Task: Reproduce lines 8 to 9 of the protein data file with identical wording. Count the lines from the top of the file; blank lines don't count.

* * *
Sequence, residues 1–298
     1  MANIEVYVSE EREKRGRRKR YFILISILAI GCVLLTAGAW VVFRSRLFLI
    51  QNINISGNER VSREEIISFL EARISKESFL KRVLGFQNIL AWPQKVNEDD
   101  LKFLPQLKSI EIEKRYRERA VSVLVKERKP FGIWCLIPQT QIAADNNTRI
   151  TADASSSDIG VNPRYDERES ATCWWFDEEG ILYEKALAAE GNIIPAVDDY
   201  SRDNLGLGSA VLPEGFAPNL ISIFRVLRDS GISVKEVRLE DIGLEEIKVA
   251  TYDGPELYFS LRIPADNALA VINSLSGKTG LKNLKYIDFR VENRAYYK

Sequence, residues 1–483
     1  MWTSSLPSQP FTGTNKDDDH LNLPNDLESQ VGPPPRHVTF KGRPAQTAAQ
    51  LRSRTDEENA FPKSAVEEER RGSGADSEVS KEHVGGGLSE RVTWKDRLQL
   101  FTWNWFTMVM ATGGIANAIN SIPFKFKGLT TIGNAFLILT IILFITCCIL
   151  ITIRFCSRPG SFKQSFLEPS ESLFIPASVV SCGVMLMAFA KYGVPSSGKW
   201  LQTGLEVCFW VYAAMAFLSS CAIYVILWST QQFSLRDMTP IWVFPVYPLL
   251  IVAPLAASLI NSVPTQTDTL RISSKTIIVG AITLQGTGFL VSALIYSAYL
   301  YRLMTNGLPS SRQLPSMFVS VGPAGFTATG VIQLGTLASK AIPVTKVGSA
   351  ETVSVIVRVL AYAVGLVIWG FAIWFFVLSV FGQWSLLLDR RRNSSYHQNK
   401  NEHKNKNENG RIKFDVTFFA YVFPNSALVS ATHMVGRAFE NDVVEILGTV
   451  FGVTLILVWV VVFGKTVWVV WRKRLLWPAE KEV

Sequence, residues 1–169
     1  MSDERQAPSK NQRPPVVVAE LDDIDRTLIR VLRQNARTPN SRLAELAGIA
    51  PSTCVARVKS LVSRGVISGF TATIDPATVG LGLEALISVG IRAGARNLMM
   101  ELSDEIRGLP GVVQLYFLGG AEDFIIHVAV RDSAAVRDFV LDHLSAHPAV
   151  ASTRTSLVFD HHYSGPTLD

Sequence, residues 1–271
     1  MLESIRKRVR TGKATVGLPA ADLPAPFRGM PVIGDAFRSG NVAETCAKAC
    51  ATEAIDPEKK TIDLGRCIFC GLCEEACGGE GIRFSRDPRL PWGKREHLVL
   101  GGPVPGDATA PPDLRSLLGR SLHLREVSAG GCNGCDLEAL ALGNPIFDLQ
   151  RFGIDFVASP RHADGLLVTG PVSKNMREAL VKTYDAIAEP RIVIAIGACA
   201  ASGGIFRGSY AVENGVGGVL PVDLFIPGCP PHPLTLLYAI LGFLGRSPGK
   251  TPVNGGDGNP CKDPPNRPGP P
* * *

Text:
Sequence, residues 1–483
     1  MWTSSLPSQP FTGTNKDDDH LNLPNDLESQ VGPPPRHVTF KGRPAQTAAQ